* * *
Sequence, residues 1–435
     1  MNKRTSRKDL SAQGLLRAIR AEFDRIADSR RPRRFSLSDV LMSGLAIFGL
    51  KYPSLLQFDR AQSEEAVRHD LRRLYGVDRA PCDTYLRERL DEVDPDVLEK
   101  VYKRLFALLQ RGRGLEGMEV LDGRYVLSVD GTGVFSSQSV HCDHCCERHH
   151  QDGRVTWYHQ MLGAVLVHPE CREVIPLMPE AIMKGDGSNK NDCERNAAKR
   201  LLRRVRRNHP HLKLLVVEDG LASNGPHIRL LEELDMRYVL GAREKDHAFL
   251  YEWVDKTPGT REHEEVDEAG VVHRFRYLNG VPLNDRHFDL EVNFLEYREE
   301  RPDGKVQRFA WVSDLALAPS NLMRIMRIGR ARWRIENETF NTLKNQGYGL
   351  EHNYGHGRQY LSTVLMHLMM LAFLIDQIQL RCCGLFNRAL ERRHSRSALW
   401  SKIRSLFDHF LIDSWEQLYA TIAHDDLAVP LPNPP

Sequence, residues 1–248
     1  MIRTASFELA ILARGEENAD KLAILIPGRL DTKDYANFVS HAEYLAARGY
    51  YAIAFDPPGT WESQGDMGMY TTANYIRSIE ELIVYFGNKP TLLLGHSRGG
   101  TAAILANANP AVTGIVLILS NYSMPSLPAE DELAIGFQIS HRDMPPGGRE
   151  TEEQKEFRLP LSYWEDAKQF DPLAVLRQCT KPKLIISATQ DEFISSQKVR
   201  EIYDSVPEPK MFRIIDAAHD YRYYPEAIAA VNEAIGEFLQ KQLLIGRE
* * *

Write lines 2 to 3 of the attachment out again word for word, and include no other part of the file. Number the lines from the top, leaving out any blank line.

     1  MNKRTSRKDL SAQGLLRAIR AEFDRIADSR RPRRFSLSDV LMSGLAIFGL
    51  KYPSLLQFDR AQSEEAVRHD LRRLYGVDRA PCDTYLRERL DEVDPDVLEK